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Designing Controls for siRNA ,,, Experiments

Because of its apparent specificity, reproducibility, and ease of use, RNAi technology is greatly accelerating the functional characterization of disease-relevant genes for drug discovery, target validation, and basic research efforts. To ensure the validity of RNAi data, however, proper experimental design and controls are needed. This article outlines some of the critical parameters for performing RNAi experiments in mammalian cultured cells.

Tips for Experimental Design

Carefully Choose Your siRNA Sequence for Maximum Specificity.
Although data indicate that siRNAs are highly specific, it is important to minimize the possibility of off-target effects by designing siRNAs that have limited sequence similarity to genes other than their intended target. Currently, it is not clearly understood how the number and location of mismatches between the antisense siRNA strand and the target mRNA affect silencing. Some reports indicate that a single mismatch in the center of an siRNA sequence can abolish silencing effects (1,2). In fact, this remarkable specificity has been shown in a model system to permit allele specific gene silencing (2). In contrast, another report indicates that siRNAs with regions of 14-15 contiguous bases of sequence similarity between the siRNA and an mRNA can induce silencing (3). Until we develop a better understanding of the specificity of siRNAs for their targets, it is best to design siRNAs that are completely complementary to the mRNA target and that contain at least 2 or more mismatches to all off target mRNAs. Also, results obtained with pools or populations of siRNAs should be confirmed with individual siRNAs to enhance the confidence level in the data.

Use the Minimum siRNA Concentration Required to Achieve Silencing.
Recent reports indicate that siRNA concentrations of 100 nM or higher in mammalian cultured cells can lead to nonspecific changes in gene expression (3,4). In general, transfecting 5-20 nM of an efficacious siRNA appears to minimize nonspecific effects while providing maximal target gene silencing. The concentration of siRNA required will depend upon the method and efficiency of siRNA delivery, the cell line used, and the effectiveness of the siRNA sequence.

Suggested Experimental Controls

Ambion scientists use and recommend a number of different controls for siRNA experiments. Most of these coincide with the suggested controls detailed in a recent editorial published in Nature Cell Biology (5). These controls can be used in virtually any gene silencing experiment, whether the effects are analyzed one gene at a time using more traditional mRNA and protein analysis techniques or on a genome-wide scale using microarrays.

Scrambled siRNA Control
A scrambled siRNA control is used to discount any ch anges to the gene expression profile that may result from the siRNA delivery method. Comparing cells transfected with a scrambled siRNA control to untransfected cells can reveal changes caused by siRNA delivery.

Positive siRNA Control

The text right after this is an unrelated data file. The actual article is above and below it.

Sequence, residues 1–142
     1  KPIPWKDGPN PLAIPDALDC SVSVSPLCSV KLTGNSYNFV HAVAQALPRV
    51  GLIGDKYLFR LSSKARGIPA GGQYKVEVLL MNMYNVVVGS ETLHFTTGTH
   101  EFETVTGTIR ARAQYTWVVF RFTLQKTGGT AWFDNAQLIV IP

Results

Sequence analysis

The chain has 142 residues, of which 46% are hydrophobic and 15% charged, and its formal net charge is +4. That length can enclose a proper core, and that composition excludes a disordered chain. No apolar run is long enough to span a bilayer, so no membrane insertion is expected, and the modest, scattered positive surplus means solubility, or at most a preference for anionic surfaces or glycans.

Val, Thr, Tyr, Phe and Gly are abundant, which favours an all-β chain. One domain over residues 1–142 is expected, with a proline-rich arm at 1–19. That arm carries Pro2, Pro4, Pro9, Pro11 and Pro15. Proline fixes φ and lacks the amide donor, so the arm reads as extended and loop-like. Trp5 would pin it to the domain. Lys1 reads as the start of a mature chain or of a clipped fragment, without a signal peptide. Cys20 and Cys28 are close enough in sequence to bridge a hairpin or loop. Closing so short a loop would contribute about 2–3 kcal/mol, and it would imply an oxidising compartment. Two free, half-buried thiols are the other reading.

Ambion scientists always include a positive siRNA control in their experiments -- usually the Silencer GAPDH siRNA -- which serves to monitor siRNA transfection efficiency. When the positive control fails to elicit the expected reduction in gene expression, poor transfection is immediately suspected.

Multiple siRNAs to a Single Target
One of the best ways to increase confidence in data from siRNA experiments is to use two or more siRNAs to a single gene target. The siRNAs should first be analyzed for effectiveness at reducing target gene expression. Different siRNAs to the same gene with comparable gene silencing efficacy should induce similar changes in gene expression profile and phenotype. Any changes induced by one siRNA and not the other(s) could be attributed to off target effects. This approach is also valid for siRNA cocktails. In other words, cocktails prepared from different regions of the same gene can be used to confirm gene silencing results.

Monitor the Antiviral Response
Recent evidence indicat es that up-regulation of the antiviral response may be a useful indicator of nonspecific siRNA effects. Although we do not yet routinely monitor the antiviral response in our own experiments, there are several published reports on how this response can be detected. One way is to assess levels of 2'5'-oligoadenylate synthetase mRNA (6). 2'5' oligoadenylate synthetase catalyzes the synthesis of 2'-5' polyadenylic acid, which activates the nonspecific ribonuclease RNase L. Another way is to monitor activation of the dsRNA-dependent protein kinase, PKR, which is involved in the type 1 interferon response. PKR phosphorylates the small subunit of the eukaryotic initiation factor 2-alpha (eIF2alpha), which results in nonspecific inhibition of translation. PKR activation can therefore be examined by monitoring the phosphorylation of eIF2alpha (7).

Monitor Both Target mRNA and Protein Levels
In siRNA experiments it may be beneficial to monitor both mRNA and protein levels for several reasons. For instance, mRNA reduction seen without a corresponding reduction in protein levels can indicate that protein turnover is slow. Furthermore, protein reduction in the absence of mRNA reduction may indicate that an siRNA is mediating its effects at the translational level like a microRNA.

The use of RNAi has enormous potential for analyzing gene function, elucidating biological pathways, and identifying and validating potential drug targets. The RNAi field is still in its infancy, and recommendations on experimental design and proper controls are likely to evolve. Ambion is committed to bringing researchers around the world the most up-to-date information on RNAi for their own research. For the latest information, see the RNAi Resource.

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